Former high diver Branson has been in an extended funk after an accident that derailed his life plans, and now he's getting itchy as he nears the big three-oh. He decides to get a dog, ditch his antidepressants, and quit his adult swim class teaching gig- which may not be such a good idea, seeing as how it provides pretty much the only human interaction that he gets. Of course, some of the folks in his class have their share of problems too, in addition to their embarrassing lack of drowning-avoidance skills. High school teacher Paget Brewster has a hubby who's stepping out on her with another teacher at the same school, causing friction with the administration and leading her into thinking her own extramarital thoughts when she meets younger guy Michael Mosley. Brewster bonds with the younger Jess Weixler, who's got a dual career track going- casino card dealing and stripping. Weixler's brother Avi Selton and his pal Ricky Ullman are budding filmmakers who try to fulfill a class assignment by interviewing people about Weixler, which annoys her to no end. As the aquatic training continues, lives will intertwine, decisions will be made, somebody will get trigger-happy with a can of mace, and a dog will resist becoming housebroken- but everyone will make it to a climactic "Big bad summer pool party."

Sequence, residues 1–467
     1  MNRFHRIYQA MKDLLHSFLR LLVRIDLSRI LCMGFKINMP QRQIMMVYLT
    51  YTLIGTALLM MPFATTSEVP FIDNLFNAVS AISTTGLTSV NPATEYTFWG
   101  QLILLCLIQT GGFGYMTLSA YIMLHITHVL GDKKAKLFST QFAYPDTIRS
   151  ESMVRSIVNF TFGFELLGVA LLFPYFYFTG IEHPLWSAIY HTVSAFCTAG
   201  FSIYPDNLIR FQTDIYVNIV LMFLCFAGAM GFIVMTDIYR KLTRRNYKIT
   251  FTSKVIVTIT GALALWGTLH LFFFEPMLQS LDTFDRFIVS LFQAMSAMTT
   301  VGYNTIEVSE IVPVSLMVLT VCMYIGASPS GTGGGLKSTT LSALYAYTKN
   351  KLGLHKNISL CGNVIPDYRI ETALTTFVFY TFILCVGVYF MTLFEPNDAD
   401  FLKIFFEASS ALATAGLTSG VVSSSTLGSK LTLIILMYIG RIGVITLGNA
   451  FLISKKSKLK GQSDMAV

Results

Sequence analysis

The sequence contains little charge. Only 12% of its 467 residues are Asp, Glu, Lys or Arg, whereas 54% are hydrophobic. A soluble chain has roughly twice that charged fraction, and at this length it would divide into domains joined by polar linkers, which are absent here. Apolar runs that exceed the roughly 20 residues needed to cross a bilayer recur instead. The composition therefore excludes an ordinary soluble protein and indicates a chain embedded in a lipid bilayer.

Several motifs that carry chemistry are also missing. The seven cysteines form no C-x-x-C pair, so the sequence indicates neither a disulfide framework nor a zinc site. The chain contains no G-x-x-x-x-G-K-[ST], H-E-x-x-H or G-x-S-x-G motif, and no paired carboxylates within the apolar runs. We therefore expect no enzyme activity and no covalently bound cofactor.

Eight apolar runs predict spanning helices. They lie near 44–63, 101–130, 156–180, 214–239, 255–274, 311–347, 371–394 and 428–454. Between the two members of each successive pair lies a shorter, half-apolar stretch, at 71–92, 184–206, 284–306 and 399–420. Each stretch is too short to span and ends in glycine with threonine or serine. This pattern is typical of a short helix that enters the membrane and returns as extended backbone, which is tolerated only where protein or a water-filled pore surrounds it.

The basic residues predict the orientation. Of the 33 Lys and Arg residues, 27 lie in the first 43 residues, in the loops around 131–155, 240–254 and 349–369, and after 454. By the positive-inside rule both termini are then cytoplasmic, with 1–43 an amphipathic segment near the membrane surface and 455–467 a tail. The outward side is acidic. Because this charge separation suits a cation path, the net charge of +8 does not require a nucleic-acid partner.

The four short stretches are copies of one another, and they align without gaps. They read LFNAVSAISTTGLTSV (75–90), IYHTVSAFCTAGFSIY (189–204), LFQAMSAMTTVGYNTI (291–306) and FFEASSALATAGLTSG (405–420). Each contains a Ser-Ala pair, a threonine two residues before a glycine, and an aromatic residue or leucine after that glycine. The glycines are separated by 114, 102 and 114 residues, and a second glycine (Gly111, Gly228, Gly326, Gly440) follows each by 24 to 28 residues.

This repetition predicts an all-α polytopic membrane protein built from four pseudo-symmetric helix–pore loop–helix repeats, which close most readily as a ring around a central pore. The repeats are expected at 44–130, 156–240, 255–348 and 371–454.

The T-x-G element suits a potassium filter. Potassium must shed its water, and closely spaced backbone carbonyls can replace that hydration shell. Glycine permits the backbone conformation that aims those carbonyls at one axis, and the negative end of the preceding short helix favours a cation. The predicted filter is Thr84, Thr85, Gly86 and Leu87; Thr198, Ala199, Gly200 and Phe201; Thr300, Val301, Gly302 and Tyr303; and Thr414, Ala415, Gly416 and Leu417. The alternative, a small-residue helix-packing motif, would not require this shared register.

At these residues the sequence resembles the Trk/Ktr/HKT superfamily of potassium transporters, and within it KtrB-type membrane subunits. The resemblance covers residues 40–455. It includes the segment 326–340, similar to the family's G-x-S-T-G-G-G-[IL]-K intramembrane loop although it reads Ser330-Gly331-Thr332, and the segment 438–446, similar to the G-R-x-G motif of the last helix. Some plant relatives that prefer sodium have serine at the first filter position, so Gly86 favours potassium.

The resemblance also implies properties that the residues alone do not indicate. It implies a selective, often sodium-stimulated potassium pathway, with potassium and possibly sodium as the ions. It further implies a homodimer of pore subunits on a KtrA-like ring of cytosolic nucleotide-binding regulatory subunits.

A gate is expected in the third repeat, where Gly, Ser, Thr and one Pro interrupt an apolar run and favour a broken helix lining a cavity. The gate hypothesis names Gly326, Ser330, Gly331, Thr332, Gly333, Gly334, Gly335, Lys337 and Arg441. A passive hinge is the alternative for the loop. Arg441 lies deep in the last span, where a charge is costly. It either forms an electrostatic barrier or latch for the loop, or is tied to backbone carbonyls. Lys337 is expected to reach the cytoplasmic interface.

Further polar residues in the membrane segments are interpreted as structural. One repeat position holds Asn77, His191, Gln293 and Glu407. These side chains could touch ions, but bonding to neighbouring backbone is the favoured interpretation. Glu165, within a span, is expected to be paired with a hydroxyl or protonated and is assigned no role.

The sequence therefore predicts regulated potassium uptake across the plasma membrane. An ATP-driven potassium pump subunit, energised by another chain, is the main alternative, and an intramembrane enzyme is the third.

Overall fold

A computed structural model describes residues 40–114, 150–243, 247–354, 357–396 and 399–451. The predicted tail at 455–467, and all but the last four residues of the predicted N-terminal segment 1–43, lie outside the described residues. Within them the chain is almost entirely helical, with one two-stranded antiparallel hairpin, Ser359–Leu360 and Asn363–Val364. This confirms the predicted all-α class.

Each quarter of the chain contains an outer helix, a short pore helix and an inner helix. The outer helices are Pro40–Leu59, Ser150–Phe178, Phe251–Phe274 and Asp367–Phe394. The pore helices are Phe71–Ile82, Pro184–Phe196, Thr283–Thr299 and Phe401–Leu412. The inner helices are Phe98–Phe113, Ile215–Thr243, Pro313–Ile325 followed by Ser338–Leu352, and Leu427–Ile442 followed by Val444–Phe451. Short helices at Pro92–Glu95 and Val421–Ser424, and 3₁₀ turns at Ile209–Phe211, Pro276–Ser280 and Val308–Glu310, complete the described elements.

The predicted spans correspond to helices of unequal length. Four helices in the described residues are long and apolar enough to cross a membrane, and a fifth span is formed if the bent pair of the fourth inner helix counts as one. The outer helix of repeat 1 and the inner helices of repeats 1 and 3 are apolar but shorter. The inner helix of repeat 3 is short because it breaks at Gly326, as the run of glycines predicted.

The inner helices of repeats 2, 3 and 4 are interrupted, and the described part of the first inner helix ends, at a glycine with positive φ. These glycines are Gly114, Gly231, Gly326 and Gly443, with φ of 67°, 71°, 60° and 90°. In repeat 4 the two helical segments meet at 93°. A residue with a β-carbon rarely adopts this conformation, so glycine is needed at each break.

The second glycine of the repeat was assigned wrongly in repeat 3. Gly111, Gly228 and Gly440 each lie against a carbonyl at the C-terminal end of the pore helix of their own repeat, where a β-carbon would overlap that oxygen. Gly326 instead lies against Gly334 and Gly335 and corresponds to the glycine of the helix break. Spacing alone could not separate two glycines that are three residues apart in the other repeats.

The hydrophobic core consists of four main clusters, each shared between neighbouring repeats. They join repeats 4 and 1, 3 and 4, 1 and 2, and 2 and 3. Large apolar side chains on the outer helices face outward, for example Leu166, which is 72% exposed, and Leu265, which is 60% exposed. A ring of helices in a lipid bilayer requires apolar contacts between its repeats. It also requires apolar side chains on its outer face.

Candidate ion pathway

This film from freshman feature director Ishai Setton is your typical indie item- a simple character-driven narrative with some engaging performances, done quickly and inexpensively by a close-knit crew, which went on to win some film festival awards and get a video release. The filmmakers do a good job of utilizing the resources available to them, and the movie avoids the aura of cheapness that sometimes plagues low-budget efforts. More importantly, the script by writer Daniel Schechter, while treading a familiar path, has enough good character moments and humorous twists to hold your attention. The performances fit right into the quirky goings-on, with Brewster's spacey sarcasm, Mosley's oddball cockiness, Weixler's slightly beaten-down decency and Ullman's socially maladroit antics being standouts. Overall, it's not strikingly fresh material, but if you're looking for some indie action as an antidote to the usual overblown Hollywood stuff it's worth a try. Disc extras include audio commentary and featurettes which display some more of the filmmakers' sense of humor.




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© Melt Magazine 2007